User Account Control, or UAC, is the latest in Microsoft's arsenal of antimalware weaponry. UAC blocks all user-initiated...
and malware-initiated actions on a workstation that require administrative privileges. Is UAC all you need to fight malware? As usual, malware defense isn't quite that simple.
What is User Account Control?
UAC is a new user safety mechanism. Simply put, it alerts the user when a privileged operation is about to take place, preventing the operation until the user consents. When Windows is aware that a privileged operation has been requested, it displays a UAC alert, like what is shown here:
Before the operation may proceed, the user must click Continue.
The intention of UAC is to make users aware of all privileged operations on the system, including any that are initiated without their knowledge by malware.
UAC goes a step further. If a non-privileged user wishes to perform a privileged action, such as edit the system registry, UAC will not only alert the user, but also provide a means to enter privileged user credentials (like a cash register supervisor override) that will permit the privileged operation to take place. This is shown here:
In this example, the user is requested to enter Denise's password in order to perform the privileged function. The user may also choose another administrative account by clicking "Use another account."
By default, UAC is turned on. If you're using Vista already, you no doubt noticed it when using Vista for the first time.
How to configure User Account Control
Configuring UAC is simple; all you can do is turn it on or off. You can see the status in the Windows Security Center. If UAC is off, the Windows Security Center has a button to turn it on, like the figure below:
Follow this procedure to access UAC's configuration:
- Open the Control Panel > User Accounts and Family Safety > User Accounts.
Select Turn User Account Control on or off. If UAC is on, you'll be asked for permission to continue.
- Check or uncheck Use User Account Control (UAC) to help protect your computer.
That's all there is to it.
Despite its drawbacks, generally speaking, it's a good idea to keep UAC turned on; otherwise it's like driving a car without your seat belts. Yes, UAC may be a pain because of the many pop-up windows and confirmations that users will encounter, and the interruptions may slow users down, especially when performing a lot of administrative work on a system. But turning off UAC means essentially betting that malware will never, ever infect your system and try to perform any privileged operation.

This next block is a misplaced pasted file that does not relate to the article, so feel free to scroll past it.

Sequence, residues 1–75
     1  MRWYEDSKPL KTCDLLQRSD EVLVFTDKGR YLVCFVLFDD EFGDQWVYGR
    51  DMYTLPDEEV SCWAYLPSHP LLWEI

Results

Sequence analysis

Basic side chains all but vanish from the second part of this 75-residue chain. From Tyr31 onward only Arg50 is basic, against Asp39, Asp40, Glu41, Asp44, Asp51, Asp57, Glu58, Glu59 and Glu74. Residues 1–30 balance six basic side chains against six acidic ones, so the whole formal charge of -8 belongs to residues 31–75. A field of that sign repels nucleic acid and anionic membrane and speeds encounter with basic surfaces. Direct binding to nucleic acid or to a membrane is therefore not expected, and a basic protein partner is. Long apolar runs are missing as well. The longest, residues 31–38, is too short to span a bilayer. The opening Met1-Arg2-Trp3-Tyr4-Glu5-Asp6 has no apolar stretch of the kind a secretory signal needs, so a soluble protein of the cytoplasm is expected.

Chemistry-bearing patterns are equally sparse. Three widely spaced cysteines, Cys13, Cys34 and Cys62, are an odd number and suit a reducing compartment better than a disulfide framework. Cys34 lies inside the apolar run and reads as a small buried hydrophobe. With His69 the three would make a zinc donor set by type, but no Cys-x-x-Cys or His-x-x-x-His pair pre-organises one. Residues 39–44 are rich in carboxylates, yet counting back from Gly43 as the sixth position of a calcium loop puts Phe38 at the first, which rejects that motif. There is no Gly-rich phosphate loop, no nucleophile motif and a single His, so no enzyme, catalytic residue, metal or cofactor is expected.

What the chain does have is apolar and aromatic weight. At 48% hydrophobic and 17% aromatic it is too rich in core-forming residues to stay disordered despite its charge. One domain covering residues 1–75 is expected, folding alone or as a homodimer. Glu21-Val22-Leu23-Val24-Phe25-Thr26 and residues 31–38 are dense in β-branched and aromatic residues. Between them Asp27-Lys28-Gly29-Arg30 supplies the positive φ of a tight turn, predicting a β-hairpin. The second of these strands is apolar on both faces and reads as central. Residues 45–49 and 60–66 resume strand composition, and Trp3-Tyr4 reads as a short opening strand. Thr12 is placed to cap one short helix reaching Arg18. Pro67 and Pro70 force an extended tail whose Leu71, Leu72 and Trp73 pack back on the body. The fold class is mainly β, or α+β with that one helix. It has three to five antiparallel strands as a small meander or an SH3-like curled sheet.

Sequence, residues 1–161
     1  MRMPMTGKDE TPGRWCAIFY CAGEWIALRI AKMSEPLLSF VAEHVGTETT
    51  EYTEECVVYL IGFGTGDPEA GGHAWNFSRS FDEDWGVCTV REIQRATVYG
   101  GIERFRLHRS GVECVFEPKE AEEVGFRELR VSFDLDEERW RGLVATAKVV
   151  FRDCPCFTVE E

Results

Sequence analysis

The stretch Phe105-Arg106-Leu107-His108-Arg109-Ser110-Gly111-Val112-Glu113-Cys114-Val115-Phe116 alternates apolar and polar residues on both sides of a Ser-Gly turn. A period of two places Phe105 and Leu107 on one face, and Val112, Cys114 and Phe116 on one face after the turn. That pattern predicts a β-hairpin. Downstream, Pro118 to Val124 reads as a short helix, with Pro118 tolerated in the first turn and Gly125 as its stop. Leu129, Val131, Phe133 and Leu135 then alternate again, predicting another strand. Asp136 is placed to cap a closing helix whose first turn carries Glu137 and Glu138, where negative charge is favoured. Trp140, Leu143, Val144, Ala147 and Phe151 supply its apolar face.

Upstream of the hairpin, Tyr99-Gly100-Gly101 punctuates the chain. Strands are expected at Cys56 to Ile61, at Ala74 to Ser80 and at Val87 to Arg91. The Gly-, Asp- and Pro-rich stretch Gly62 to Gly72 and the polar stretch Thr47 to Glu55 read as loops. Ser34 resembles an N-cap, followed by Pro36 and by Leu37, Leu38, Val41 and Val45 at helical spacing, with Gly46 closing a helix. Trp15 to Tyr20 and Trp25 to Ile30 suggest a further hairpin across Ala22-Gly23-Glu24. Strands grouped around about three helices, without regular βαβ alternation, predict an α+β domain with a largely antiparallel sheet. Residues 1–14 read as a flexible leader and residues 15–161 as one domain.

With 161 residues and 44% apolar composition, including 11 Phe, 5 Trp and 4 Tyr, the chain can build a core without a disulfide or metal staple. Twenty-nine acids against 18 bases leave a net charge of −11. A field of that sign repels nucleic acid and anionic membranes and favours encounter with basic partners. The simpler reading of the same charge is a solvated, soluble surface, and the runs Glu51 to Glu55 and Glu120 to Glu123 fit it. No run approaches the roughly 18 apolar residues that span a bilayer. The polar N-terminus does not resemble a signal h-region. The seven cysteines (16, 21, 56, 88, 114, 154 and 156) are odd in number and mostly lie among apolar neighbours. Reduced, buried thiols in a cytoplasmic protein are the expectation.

As for me, I always use a safety net when I'm walking the tightrope. It's just good sense. For Windows Vista, UAC is that safety net.
In an environment where the goal is to prevent users from performing privileged functions, give users regular, non-administrative accounts, and turn off UAC. They won't be able to perform any privileged actions either way.
Vista malware defense in depth
UAC should not be considered the only means of malware and virus protection for Vista systems. It's essential to also rely upon the following:
- Antivirus software -- AV software is essential for all desktops. The only exception would be for non-networked systems that never, ever receive any data from the outside world. If you've upgraded to Vista from an older version of Windows, make sure your antivirus software runs properly on Vista; if there appear to be compatibility questions, consult your antivirus vendor for information.
- Antispyware -- Use Windows Defender (bundled with Vista), or better yet, a good third-party anti-spyware program. Increasingly, anti-spyware is just another feature in your antivirus suite, and that's a good thing, because it's one less program to maintain.
- Firewall -- Use the Windows Firewall for good inbound protection, or get a third-party firewall for inbound and outbound protection, but regardless of the product you use, read up on its features to ensure that you get the features you need (i.e. read the label before you buy).
- Use common sense -- The best way to stop malware dead in its tracks is simply by maintaining an alert defensive posture. Ensure that your users avoid Web sites of unknown reputation, steer clear of strange emails, and don't ever open unsolicited email attachments.
The future of UAC
I'm hoping that Microsoft will improve UAC's functionality in the future by including the ability for UAC to "remember" which programs or functions a user considers "okay" and enables them to take place without user interruption. If Microsoft exposes the API for UAC, then there's a chance that third-party tools will improve on UAC in ways we haven't thought of yet. Until then, despite its drawbacks, UAC still represents a step forward in malware defense for Windows Vista.
About the author:
Peter H. Gregory, CISA, CISSP, is the author of several books including Solaris Security, Computer Viruses For Dummies, Blocking Spam and Spyware For Dummies and most recently Securing the Vista Environment. Gregory has spoken at numerous industry conferences, including the RSA Conference, SecureWorld Expo, InfraGard, and West Coast Security Forum. Gregory is a security strategist at a financial management software company located in Redmond, Wash. He is a member of the SearchSecurity.com advisory board, as well as an advisory board member of the University of Washington's Center for Information Assurance & Cybersecurity, and a board member of the Evergreen State Chapter of InfraGard.